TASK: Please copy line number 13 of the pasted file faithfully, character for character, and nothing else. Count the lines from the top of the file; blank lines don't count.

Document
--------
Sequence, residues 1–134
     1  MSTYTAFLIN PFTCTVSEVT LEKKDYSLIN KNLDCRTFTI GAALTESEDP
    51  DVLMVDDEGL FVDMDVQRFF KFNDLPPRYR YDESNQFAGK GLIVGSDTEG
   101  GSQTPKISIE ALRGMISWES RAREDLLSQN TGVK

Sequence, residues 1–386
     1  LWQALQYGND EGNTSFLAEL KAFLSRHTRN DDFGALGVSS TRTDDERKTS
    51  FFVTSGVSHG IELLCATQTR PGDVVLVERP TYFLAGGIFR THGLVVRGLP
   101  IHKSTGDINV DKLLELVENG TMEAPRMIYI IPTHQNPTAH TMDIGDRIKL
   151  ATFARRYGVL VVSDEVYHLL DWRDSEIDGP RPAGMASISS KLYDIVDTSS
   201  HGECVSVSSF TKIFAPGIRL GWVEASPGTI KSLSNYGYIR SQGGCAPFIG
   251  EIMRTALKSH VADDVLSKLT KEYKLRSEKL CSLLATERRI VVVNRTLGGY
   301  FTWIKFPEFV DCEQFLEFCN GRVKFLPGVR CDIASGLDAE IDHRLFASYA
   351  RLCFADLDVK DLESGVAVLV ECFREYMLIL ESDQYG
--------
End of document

   351  RLCFADLDVK DLESGVAVLV ECFREYMLIL ESDQYG